Wednesday, December 18, 2013

How to make an injury not suck

If you are like most people, you are, unfortunately, likely to encounter an injury or major setback even if you live within your comfort zone. I can tell you this from my own personal experience since I've had my share of injures and setbacks. I wouldn't attribute any of these to being negligent with my training regimen, but, rather, to mere life circumstances. The reality is that we don't control everything around us. Although I've had the bad fortune of having had many bodily challenges including two Cesarean sections, a torn ACL, a broken foot (twice), a fractured hand, a torn wrist ligament (twice), and two head injuries (that must explain a lot about me... LOL), I have had the good fortune of recovering from all of them relatively quickly. Luckily the training I do helped me rehab these injuries and keep me sane while recovering. These setbacks occurred from life events that were not training related. In fact, if I hadn't been so strong from my training, these injuries would have truly sucked. 

The major question is, how can we learn from our injuries? How can we get stronger regardless of our new limitations?

First off, focus on what you can do. This allows you to get extremely creative. Your mind set will shift from the negative to the positive as soon as you focus on the can do's. For example rather than dwelling on the fact that your knee is inflamed and now you have to stay away from squats of all kinds for a while, focus, instead, on all the amazing things you can improve. For example, it's time to get those pull-up numbers up. Or maybe one leg push-ups? You'd be best off going to someone who specializes in working around injuries to provide a fulfilling workout and to someone who has experience along with a good track record rehabilitating injuries.

Learn something new. After I tore my ACL I had to stop Krav Maga right away. However, instead of crying about it, I decided to research and learn how to rehabilitate my knee injury without following the commonly suggested ACL reconstructive surgery. Not everyone will nerd out like I did, after all this is my profession.

Pick up a new hobby that enhances and exercises your mind. Spending time releasing tension in a different way from what you are used to can be a good change of pace for your psyche. Great options if your'e body needs to rest are: learning a new language, playing an instrument, taking an art class, sewing, and baking; the sky is truly the limit. Get your creative juices flowing stronger than ever and you won't be sorry.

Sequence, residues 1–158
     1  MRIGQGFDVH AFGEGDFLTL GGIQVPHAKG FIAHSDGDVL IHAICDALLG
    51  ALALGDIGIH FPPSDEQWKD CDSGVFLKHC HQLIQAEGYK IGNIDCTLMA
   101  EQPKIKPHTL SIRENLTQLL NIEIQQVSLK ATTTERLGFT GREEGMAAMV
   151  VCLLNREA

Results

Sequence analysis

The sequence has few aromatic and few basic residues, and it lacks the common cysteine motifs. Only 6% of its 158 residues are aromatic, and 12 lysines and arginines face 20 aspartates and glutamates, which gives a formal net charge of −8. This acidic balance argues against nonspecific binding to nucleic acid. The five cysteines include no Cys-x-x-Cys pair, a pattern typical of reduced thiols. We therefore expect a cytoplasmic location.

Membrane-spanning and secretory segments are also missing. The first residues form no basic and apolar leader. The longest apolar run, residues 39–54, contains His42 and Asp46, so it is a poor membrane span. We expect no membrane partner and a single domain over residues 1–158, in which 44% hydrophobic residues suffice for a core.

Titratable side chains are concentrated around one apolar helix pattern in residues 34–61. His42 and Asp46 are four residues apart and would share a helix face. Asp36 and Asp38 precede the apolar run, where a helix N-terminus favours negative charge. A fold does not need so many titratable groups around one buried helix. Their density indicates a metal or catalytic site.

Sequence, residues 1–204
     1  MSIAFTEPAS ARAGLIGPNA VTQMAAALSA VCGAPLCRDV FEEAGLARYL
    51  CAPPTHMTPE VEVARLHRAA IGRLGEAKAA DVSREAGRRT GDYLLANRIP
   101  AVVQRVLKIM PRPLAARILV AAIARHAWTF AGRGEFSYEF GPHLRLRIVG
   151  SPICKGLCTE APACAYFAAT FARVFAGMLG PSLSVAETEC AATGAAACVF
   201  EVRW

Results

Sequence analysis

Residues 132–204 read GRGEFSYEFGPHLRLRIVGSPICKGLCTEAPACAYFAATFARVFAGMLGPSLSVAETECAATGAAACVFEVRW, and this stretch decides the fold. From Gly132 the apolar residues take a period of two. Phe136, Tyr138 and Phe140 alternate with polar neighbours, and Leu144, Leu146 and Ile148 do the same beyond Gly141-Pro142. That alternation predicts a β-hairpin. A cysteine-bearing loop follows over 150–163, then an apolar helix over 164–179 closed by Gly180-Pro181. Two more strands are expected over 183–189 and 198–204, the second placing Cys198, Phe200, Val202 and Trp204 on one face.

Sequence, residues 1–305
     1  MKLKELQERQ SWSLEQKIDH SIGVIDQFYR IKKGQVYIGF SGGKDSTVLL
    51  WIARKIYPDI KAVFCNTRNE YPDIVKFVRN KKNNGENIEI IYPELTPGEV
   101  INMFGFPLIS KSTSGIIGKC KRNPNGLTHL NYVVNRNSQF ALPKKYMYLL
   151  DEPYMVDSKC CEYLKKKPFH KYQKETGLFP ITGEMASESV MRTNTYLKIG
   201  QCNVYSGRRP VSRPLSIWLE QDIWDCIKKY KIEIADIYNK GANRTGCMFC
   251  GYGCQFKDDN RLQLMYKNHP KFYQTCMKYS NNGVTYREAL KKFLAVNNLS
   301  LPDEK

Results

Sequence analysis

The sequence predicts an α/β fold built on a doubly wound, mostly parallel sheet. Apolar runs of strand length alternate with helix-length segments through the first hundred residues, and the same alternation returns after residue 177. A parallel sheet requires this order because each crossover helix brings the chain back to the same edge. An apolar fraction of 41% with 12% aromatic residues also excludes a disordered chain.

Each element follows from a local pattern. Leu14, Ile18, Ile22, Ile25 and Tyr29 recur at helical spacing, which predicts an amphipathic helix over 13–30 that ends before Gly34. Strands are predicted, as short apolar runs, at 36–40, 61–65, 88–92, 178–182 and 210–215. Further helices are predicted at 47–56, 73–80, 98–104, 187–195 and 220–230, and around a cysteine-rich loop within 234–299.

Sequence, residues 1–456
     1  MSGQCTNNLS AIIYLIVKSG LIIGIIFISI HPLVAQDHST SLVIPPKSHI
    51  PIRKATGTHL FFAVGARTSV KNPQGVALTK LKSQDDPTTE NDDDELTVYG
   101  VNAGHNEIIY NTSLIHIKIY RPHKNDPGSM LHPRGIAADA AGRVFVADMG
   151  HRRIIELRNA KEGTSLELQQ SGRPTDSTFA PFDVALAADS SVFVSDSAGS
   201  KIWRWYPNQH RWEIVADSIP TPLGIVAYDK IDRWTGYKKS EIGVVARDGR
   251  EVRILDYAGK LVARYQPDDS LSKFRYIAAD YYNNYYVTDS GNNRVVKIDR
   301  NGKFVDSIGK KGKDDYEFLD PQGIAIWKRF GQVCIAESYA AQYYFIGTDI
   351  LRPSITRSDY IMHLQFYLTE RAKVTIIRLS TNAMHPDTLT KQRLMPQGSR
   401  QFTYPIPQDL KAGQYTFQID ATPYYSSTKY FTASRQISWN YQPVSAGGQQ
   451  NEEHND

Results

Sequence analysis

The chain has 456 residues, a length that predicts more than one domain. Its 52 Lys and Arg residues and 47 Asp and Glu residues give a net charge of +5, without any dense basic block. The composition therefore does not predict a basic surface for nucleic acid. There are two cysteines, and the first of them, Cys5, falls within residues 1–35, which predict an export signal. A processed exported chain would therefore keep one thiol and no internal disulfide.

Spend time helping someone else. Rather than sitting on the couch, feeling sorry for yourself, do your best to inspire or help someone in need. Helping others is the best way to get out of your own head. It's very easy to become self absorbed and play "the poor me" record during this time. Do yourself a favor and make a list of the positives. Then share this information with a good friend. Once you put a smile on someone else's face, you will find that you already feel stronger and studies show that a strong mind will promote faster healing!

Adjust your goals. Goal setting is key for recovering from an injury. When I tore my ACL, I worked on my pull-ups which became super strong. I don't think my pull-ups would be as polished as they are now if I hadn't gone through an ACL tear. Another example is that when I had a fracture in my hand, my one leg squats, which were very weak at the time, became very strong. I also became very empathetic to people with weak and painful wrists. This led to my coming up with all kinds of great ways to do push-ups with neutral wrists due to wrist and hand injuries of my own. As a coach, experiencing an array of injuries allows me to know first hand what it takes to get yourself through and to be empathetic to others. What a gift I tell myself! At the time I may have spoken some words that I wouldn't have said in front of my kids, but now I look at each of my injuries as a blessing in disguise. As a gift that was given to me to give me a lesson. To educate myself and pay it forward time after time. I have to admit that each injury I've had has had a positive ending. We obviously can't say this for all injuries.

Hopefully this blog post sheds some light on how to make an injury not suck so much! 
Now focus on being patient, allowing your set back or injury to heal properly, while strengthening other areas!

Feel free to share how you came back stronger in the comments below. 


Happy Training! 


2 comments:

Suz said...

Thanks for this post. Perfect timing for my broken leg/knee! Was doing regular running and kettlebells but it's going to be a long road to recovery. Anybody have any suggestions for exercise? I'm doing some light stretching for the legs but haven't figured anything else.

Anonymous said...

Thanks for this post. Perfect timing for my broken leg/knee! Was doing regular running and kettlebells but it's going to be a long road to recovery. Anybody have any suggestions for exercise? I'm doing some light stretching for the legs but haven't figured anything else.